|'Winner' by Alessandro Capurso |
under a CC license
So, why not try to optimise the public sector as would any business do with its core processes?
Interesting idea, probably not-that-new, certainly always tempting, but with its pitfalls. So, not so fast!
Optimisation, in the mathematical sense, is the selection of the best element(s) against a pre-determined set of criteria. This implies that, in order to optimise something, one needs data to for performance and cost parameters. In the typical scenario, one would have a large set of variables, with the corresponding datasets, and would need to select the target for the optimisation process, providing any constrains that may apply to the variables. It sounds easy but it's not.
Let's visit a hypothetical healthcare sector example (understandably, a sector under constant study). There, the target variable for optimisation might be the overall patient capacity (to be maximised) with constrains on, say, total cost, total working hours per staff member, buildings and equipment. That would leave a lot of factors to play with, including shifts and personnel balance per shift, treatment protocols, space usage, etc. Given sufficient data and the right tools (statistical and IT) a result will be reached. But would that be a feasible one? And if yes, would that be an acceptable one? The first question depends on whether all variables and constrains were taken into consideration and on whether the right questions were asked. For instance, one way of maximising patient capacity might be to minimise the space given to intensive care. That would allow the relocation of costs (intensive care units have high operation costs), personnel and equipment to other uses. However, would that be an acceptable choice? Reducing intensive care resources (used for the care of the very ill) beyond some extent might increase mortality rates amongst patients, which would make it not-so-acceptable in the local society.
To be fair, given the fact that an increasing number of processes in the public sector are facilitated or monitored by IT systems, it is clear that, nowadays, there is increasingly more data produced to aid optimisation (in the mathematical sense). Statistical and IT tools are also in place and they are getting increasingly refined. So trying further optimisations only makes sense.
However, the real challenge of optimisation in big systems lies on the good understanding of the system to be optimised, of the optimisation analysis methodology and of the physical meaning of its outputs. In other words, it needs knowledge and expertise (and patience)! To a layman, even the target of an optimisation is not necessarily straight forward. For instance, should we try to optimise a single public service or the entire corresponding sector (e.g., a single hospital or the healthcare public sector)? What are the right target variables to be optimised? (e.g., should it be patient capacity, patient recovery and discharge time, treatment cost per patient treated, patient satisfaction or community satisfaction?)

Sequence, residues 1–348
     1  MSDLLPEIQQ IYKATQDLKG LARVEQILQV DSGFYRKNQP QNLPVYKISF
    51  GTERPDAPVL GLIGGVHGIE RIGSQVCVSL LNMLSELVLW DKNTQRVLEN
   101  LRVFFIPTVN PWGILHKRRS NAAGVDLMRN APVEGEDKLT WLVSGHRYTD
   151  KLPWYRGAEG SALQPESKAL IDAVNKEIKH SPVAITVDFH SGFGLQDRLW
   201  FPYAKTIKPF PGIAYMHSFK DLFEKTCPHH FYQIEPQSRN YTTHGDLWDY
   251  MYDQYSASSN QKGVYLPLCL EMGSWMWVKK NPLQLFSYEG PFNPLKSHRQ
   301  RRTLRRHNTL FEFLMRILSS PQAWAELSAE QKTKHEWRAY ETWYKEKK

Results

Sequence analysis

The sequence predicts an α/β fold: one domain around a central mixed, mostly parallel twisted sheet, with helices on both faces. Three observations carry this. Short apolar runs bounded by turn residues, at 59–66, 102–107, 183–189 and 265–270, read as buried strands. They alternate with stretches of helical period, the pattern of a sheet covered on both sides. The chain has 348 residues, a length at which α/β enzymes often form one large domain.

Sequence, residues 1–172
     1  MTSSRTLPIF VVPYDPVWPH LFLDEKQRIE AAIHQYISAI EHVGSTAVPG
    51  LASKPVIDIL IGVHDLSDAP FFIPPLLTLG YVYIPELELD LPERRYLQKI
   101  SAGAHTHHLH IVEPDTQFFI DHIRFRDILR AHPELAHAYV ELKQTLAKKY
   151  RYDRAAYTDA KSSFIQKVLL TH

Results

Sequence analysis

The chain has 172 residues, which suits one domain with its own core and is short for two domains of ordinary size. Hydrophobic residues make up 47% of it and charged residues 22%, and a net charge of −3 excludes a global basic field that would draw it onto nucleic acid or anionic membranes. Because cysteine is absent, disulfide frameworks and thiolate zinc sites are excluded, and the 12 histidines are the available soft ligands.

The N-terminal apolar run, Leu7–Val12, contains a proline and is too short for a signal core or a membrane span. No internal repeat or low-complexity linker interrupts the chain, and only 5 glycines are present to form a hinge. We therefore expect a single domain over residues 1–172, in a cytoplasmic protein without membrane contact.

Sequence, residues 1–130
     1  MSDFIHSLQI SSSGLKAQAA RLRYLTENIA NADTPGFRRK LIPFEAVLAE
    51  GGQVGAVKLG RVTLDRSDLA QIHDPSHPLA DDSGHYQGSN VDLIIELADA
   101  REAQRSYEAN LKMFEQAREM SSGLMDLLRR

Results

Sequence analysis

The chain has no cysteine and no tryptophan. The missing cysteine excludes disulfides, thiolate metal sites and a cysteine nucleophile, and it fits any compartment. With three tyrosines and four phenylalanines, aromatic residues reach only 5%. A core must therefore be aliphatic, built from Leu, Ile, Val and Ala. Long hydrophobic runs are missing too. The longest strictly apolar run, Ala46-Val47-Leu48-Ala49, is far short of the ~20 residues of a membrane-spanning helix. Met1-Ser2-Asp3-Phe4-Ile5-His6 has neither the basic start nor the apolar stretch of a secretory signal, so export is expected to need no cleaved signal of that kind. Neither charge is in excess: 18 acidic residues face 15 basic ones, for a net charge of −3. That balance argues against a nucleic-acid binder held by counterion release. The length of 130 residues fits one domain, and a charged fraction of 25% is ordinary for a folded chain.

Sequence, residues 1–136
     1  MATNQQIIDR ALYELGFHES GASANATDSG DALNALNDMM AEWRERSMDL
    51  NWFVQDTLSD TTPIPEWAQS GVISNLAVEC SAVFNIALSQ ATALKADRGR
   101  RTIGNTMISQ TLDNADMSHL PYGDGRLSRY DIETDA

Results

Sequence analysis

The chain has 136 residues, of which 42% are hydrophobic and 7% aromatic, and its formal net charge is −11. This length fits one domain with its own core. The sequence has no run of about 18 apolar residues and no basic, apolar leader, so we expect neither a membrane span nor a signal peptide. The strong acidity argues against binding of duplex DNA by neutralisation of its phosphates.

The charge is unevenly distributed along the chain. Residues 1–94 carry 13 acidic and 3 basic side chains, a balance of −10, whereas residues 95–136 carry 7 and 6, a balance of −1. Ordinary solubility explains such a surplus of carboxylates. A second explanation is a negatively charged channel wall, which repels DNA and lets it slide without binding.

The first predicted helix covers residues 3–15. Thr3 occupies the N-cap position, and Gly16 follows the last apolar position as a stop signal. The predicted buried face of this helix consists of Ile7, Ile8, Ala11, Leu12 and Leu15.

Understanding the output of a mathematical process, applying it in real life and monitoring the outcome in order to confirm or reject whether the expected effect was achieved is a follow-up challenge to the above. Statistical analyses can be tricky, e.g., the Simpson's paradox, as it has been demonstrated numerous times, and that becomes even trickier when politics or public opinion are also involved :)
So, just because it is difficult, should we abandon the idea of optimising the services of the public sector?
No. Anything that can bring more real value to the citizens needs to be explored. Especially when resources are not that plenty. It could be done in a reasonably slow, step-wise fashion, carefully selecting constrains so as not to produce detrimental effects on society, giving reasonable time for consultation and reflection. It could be done at a small, pilot-scale at first and then expand to similar systems. After all, improving just a single parameter (say, the quality of employees) while keeping all others the same would still be an improvement. Mathematically, such approaches may or may not make sense but politically or socially they seem reasonable and may prove acceptable. There is certainly merit in bringing science to optimise such big processes but there is still a lot to be learnt, there.
In the mean time, maybe we should not fixate on the idea of full-scale optimisation. Even if that would be - theoretically - possible. It is important to understand that it is unlikely that we would be able to reach the optimal point in a single go, within a reasonable timeframe, at a reasonable (monetary and non-monetary) cost. And that even if would reach that point, not all of us would necessarily like it. And that even if all of us did like it, the changing conditions, due to the various external factors, such as the fluctuating global and local economy, the changes in the regional demographics or the need to tackle the effects of any big natural disaster, would force the system out of the optimal zone at some point.
At any rate, despite the many challenges that lie when using data and maths to fuel policy development, optimisation seems to be a step towards the right direction. Provided that we know what our targets truly are (because numbers, really, can't show us that)...